Wells Fargo & Co. (NYSE: WFC) has suffering from a scandal concerning the inappropriate opening of accounts, which already has cost the bank $185 million in fines, and it has lost $25 billion in market cap in six days. The stock hit $44.10 per share, a new 52-week low, on Friday.
The trouble at the bank has triggered investigations by the U.S. Senate and the House of Representatives. It has also led to suits by some of the 5,300 people the bank fired and some shareholders, including class action suits. The State of California has severed most of its financial relationships with the bank. There have been reports that the same is true with Illinois. The list of states could grow larger, doing more damage to the bank.
Wells Fargo’s problems forced CEO John Stumpf to give up $41 million in stock options, and he agreed to work through 2016 without pay. The board additionally could decide that his dismissal is the only way to rebuild trust.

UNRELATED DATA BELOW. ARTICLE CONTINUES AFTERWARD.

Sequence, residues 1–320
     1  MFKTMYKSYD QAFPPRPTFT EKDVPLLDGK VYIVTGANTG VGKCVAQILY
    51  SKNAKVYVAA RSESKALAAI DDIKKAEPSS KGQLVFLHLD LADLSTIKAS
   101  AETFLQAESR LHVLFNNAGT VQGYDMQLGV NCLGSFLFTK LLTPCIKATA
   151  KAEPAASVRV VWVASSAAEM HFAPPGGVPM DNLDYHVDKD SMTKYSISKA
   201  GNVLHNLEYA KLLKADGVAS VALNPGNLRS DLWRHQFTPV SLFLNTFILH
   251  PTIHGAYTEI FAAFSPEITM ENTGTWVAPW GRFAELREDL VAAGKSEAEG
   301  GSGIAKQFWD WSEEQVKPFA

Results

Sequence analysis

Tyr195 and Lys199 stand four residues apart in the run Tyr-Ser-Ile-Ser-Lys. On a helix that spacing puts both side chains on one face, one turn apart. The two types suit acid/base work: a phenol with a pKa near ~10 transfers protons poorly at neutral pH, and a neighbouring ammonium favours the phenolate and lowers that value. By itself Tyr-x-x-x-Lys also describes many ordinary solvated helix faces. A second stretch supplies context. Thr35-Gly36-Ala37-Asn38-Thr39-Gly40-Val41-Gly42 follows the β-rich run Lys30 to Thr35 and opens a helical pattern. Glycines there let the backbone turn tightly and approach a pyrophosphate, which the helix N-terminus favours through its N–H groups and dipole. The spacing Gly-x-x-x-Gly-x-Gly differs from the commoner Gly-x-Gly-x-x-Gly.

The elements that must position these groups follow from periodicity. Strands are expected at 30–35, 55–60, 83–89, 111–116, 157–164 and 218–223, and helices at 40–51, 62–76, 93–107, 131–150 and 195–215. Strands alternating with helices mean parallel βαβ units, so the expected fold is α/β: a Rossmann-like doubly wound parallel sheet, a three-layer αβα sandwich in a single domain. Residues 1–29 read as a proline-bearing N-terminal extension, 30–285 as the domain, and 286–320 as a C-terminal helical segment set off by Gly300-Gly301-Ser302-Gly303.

During a hearing before Congress, Representative Maxine Waters said, “I’ve come to the conclusion that Wells Fargo should be broken up.” Representative Michael Capuano asked, “Why shouldn’t you be in jail?”
Wells Fargo is being investigated for a number of other transgressions. There are claims that employees who questioned the bank’s aggressive opening of new accounts were fired.
Where does the bank go from here? Stumpf could be fired and perhaps prosecuted. Some members of the board could step down. A new outside CEO may be able to settle charges by the government, and from individuals, and regain the confidence of states that have pulled accounts.
On the other hand, investigations may find a number of other infractions, and the bank could lose many more government relationships, and perhaps some with large corporations. At that point, the problems could spin out of control and a $25 billion market cap would seem small.